|Gayatri Chakravorty Spivak||Why Study the Past? |
Why study the past? Because we must. The computer seems to offer us access to simultaneity. We must therefore study the past “broadly.” Primo Levi offers us an example. But the access to simultaneity is a simulacrum, for the computing (intending) subject is determined by computer programming. In earlier times theorists wrote of the determination of the intending subject. Gilles Deleuze and Félix Guattari offer us an example. Such elite theory has not disappeared. Programming does empirically what they talked about sociologically, historically, psychologically. Yet we must study history broadly. Like all practice, it must ground itself on specific errors.
|Sharon Simmons||Milton’s Trifles: Lyric Disparagement in an Age of Walking Books |
Achinstein explores how lyric embarrassment becomes a figure for forms of obligation newly emergent, and under emergency, in historical conditions where uncontrolled reception and political uncertainty give rise to a new reflexiveness about the medium of lyric. The essay focuses on John Milton’s repeated gestures of lyric disparagement as well as his iconography of the anthropomorphized book. Both of these rhetorical features seem to constellate around the genre of the lyric during the early modern period.
|Sarah Ehlers||Making It Old: The Victorian/Modern Divide in Twentieth-Century American Poetry |
Focusing on the work of Harriet Monroe and Selma Walden, two Chicago writers who never fully identified with their literary milieus, this essay complicates the perceived divide between the Victorian and the modern, the old and the new. In his 1900 American Anthology, Monroe’s friend and mentor Edmund Clarence Stedman dubbed the turn of the century an “interval of twilight” for American poetry. Subsequent critics have perhaps read this narrative of decline too literally and regarded the supposed interregnum as a sign of progress toward modernism. This essay takes a different approach: understanding narratives of poetry’s twilight as strategic fictions that idealize, preserve, and recirculate the poetry of an earlier period. It views Monroe and Walden as productive symptoms of a critical tendency to incorporate narratives about Victorian poetry into narratives about modernism. Considered together, Monroe and Walden demonstrate how the Victorian had complex afterlives in twentieth-century America. Their works show how the tension between the Victorian and the modern reemerged during the twentieth century, playing out on different levels of culture.
|Matthew Eatough||Bowen’s Court and the Anglo-Irish World-System |
Bowen’s Court has most commonly been confronted through methodological paradigms stressing its affinity to traditional Irish generic and historiographical conventions. In contrast, this essay reassesses Anglo-Ireland’s contribution to early twentieth-century literature by rereading Elizabeth Bowen’s text within the context of an international cultural and economic world-system. It argues that two historical narratives inform Bowen’s Court: a gothic chronicle of decline and a protoprofessional story of detached expertise. These narratives correspond to two visions of Anglo-Ireland’s transnational position, the first conceiving of the Protestant Ascendancy as neofeudal landlords who transform Irish labor into capitalist wealth, the second characterizing the Anglo-Irish as a cosmopolitan class of professional managers. By regarding these socioeconomic roles as affective dispositions between which her class vacillated, Bowen creates a cyclical history in which the deficiencies of gothic hysteria and detached professionalism supplement each other in a dialectical exchange. Understanding the socioeconomic circumstances underlying Bowen’s Court provides an important insight into how Bowen and fellow Anglo-Irish writers used affect to legitimate their class position after Irish independence, as well as how they were able to envision an Anglo-Irish renaissance.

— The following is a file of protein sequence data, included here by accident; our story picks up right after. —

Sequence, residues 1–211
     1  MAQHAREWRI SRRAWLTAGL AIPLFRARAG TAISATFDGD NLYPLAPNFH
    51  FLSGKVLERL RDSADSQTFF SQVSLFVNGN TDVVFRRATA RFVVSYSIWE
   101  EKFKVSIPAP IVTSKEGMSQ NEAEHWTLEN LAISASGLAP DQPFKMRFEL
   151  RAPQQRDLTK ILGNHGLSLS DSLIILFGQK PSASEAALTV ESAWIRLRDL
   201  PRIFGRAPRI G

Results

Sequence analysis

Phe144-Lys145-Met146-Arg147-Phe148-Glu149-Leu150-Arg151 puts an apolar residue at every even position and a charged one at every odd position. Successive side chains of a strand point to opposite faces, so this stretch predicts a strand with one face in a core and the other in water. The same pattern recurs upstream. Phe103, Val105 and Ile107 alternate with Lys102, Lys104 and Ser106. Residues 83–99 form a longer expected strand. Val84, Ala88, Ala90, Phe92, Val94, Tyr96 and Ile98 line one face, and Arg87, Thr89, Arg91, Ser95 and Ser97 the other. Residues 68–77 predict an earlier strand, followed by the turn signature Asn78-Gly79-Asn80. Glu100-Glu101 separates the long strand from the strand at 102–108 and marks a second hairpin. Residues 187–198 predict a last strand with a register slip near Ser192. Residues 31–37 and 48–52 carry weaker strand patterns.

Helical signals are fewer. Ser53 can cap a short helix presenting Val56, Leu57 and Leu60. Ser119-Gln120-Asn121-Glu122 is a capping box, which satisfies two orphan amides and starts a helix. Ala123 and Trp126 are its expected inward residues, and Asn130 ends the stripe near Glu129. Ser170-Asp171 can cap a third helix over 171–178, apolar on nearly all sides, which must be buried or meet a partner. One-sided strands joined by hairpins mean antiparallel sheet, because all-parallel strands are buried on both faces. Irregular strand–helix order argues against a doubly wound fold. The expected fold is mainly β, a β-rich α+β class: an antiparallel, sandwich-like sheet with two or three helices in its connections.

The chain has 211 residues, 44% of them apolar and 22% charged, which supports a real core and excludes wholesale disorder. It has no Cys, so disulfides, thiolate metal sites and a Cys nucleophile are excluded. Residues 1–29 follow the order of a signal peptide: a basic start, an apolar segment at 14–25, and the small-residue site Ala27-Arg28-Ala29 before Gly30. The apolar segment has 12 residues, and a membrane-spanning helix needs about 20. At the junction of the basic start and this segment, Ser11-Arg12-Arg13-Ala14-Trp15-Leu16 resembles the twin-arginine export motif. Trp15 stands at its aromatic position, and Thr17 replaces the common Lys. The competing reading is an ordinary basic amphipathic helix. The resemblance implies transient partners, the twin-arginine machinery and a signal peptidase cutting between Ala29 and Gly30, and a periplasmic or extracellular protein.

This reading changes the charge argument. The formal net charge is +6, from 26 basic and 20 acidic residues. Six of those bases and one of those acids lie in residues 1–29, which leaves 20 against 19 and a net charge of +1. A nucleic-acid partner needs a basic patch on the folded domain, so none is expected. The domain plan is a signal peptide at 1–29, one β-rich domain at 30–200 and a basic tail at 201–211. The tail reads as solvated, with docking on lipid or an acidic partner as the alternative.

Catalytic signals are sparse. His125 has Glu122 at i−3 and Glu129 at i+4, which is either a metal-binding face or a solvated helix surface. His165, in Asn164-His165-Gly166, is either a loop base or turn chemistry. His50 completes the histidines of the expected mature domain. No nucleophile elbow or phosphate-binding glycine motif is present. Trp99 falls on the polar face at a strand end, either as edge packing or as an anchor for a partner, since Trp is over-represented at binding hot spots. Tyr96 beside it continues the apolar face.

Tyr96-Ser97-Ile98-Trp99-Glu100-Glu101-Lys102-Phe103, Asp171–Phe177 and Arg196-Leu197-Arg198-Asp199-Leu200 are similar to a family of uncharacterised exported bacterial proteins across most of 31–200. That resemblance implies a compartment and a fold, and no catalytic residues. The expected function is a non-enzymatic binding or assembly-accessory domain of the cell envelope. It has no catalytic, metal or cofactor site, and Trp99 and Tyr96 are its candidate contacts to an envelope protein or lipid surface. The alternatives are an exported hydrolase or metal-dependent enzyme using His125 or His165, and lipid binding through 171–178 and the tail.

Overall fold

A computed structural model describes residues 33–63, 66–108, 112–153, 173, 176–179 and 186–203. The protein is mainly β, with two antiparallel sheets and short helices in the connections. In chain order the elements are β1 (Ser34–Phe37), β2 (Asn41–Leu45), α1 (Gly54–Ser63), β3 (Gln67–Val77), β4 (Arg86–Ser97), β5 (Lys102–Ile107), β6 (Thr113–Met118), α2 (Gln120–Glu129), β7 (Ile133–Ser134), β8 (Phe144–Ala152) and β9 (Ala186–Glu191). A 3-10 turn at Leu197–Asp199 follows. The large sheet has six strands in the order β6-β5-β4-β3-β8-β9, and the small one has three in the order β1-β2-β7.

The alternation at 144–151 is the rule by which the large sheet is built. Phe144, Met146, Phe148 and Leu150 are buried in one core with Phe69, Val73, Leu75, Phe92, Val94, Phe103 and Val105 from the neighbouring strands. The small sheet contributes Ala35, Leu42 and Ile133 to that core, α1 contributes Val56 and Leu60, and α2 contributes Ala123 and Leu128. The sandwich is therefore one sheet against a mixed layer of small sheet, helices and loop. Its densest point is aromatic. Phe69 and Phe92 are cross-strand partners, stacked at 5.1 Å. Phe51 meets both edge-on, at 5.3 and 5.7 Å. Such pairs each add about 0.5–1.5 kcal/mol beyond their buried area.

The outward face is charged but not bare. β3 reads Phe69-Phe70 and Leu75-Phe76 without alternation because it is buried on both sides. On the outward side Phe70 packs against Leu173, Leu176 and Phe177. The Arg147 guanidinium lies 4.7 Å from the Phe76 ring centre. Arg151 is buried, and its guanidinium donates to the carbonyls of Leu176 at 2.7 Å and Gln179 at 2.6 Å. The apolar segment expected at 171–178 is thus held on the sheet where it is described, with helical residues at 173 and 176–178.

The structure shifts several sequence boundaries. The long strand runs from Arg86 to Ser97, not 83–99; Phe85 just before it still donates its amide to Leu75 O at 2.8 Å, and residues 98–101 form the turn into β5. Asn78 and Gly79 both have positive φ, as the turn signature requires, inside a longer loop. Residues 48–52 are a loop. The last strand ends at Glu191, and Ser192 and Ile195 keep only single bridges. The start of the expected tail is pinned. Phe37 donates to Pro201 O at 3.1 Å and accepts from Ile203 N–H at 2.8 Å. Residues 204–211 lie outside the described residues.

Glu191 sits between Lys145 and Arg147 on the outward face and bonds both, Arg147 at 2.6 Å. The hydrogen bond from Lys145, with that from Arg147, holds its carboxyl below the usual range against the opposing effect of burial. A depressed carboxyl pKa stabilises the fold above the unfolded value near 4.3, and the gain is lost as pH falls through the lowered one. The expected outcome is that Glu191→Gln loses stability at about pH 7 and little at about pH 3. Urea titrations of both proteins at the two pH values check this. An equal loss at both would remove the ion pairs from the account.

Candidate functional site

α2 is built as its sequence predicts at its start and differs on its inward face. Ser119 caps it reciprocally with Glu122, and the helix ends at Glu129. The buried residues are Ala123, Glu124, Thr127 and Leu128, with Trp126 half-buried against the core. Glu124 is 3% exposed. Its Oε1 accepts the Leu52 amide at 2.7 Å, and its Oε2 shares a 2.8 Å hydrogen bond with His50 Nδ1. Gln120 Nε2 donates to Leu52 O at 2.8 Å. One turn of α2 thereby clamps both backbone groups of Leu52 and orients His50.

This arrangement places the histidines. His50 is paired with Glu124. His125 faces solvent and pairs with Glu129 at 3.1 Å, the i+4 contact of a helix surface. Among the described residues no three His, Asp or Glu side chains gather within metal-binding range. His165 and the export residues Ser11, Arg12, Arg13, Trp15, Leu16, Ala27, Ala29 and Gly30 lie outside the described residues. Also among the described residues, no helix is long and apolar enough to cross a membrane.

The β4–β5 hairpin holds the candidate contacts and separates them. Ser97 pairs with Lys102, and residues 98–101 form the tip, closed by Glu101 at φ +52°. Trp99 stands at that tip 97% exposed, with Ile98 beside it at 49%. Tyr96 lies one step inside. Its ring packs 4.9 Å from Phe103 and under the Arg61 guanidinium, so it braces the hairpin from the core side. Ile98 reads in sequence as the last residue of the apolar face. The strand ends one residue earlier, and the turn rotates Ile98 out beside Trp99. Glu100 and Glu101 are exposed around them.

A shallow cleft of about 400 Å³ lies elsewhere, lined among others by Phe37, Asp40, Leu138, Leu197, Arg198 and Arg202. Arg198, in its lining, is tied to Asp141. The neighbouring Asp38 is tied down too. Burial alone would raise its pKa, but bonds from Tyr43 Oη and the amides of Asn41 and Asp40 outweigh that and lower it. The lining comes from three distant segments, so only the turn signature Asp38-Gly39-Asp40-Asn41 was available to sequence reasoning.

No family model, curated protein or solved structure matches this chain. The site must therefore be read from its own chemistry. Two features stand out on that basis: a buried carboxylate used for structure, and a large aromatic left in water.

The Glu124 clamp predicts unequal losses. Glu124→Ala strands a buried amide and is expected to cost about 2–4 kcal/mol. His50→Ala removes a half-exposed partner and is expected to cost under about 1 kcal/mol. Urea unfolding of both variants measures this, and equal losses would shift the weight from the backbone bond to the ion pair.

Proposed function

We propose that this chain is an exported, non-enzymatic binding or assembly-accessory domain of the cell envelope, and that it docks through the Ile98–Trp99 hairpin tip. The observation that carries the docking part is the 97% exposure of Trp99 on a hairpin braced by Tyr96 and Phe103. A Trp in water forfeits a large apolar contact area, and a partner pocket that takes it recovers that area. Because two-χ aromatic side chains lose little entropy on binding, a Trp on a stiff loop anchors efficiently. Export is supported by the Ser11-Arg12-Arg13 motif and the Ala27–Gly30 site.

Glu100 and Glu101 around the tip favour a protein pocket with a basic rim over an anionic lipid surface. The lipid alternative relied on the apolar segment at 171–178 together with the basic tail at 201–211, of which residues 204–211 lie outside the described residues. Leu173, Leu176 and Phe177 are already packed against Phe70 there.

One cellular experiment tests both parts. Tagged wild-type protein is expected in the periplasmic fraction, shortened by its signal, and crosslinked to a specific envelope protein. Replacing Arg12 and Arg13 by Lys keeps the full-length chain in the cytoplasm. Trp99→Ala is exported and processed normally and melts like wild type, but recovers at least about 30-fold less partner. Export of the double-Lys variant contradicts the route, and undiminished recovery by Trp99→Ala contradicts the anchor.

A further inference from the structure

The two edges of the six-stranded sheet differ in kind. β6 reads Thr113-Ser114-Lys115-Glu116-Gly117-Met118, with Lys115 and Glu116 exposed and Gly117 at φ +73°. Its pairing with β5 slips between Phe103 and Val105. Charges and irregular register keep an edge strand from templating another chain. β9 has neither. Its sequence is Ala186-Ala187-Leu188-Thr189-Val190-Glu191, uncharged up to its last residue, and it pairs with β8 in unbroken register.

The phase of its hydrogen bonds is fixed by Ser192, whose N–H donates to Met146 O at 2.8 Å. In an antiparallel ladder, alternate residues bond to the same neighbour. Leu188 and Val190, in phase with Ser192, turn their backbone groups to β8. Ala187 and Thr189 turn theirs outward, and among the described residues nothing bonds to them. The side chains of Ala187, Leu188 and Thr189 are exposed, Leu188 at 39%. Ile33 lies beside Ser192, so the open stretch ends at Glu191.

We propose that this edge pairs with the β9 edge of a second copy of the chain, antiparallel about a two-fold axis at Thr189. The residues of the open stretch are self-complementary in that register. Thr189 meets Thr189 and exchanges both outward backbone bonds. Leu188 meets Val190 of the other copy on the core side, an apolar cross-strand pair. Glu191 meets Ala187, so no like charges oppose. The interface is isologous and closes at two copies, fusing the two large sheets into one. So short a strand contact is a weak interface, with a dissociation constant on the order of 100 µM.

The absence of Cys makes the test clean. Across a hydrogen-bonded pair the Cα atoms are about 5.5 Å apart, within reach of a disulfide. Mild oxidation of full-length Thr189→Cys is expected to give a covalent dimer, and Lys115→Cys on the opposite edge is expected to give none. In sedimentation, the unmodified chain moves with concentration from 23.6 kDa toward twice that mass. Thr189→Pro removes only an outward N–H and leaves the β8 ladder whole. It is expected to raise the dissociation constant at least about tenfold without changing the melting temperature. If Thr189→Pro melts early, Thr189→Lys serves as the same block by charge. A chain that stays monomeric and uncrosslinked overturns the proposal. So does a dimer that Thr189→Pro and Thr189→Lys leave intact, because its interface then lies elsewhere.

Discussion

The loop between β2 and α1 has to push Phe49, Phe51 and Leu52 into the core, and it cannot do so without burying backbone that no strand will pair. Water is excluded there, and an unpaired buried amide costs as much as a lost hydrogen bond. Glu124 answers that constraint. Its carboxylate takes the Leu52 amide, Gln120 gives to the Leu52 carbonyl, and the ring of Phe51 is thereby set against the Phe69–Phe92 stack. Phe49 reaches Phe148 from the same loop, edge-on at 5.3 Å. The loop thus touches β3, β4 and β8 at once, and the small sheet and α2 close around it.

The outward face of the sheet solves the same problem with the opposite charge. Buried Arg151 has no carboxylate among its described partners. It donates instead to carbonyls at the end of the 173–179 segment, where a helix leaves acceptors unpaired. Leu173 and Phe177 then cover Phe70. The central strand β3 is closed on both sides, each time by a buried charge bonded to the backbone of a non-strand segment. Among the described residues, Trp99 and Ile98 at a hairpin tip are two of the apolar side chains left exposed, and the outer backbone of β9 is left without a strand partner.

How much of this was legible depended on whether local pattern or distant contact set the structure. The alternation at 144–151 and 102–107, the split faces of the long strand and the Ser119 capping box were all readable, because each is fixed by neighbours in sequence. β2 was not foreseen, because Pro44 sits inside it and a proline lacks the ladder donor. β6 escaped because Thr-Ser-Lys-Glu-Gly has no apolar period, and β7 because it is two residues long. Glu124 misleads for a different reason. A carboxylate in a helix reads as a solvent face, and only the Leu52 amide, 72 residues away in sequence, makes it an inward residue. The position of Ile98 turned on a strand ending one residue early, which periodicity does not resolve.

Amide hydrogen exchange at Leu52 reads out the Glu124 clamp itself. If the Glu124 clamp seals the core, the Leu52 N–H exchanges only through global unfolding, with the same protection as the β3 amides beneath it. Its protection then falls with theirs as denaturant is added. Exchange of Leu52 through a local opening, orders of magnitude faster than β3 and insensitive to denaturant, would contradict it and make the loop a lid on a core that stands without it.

|Ernest B. Gilman||Paul Barolsky, A Brief History of the Artist from God to Picasso|
|Donald Gilbert-Santamaría||William Egginton, The Theater of Truth: The Ideology of (Neo)Baroque Aesthetics|
|Jacqueline George||Susan Wolfson, Romantic Interactions: Social Being and the Turns of Literary Action|
|Brian Goldberg||David Simpson, Wordsworth, Commodification, and Social Concern: The Poetics of Modernity|
|Michal Peled Ginsburg||Maurice Samuels, Inventing the Israelite: Jewish Fiction in Nineteenth-Century France|
|Wendy Larson||Yomi Braester, Painting the City Red: Chinese Cinema and the Urban Contract|
|Heather Love||Kathleen Woodward, Statistical Panic: Cultural Politics and Poetics of the Emotions|
|Sean Latham||Irr Caren, Pink Pirates: Contemporary American Women Writers and Copyright|
Modern Language Quarterly | Department of English, Box 354330 |
University of Washington | Seattle, WA 98195-4430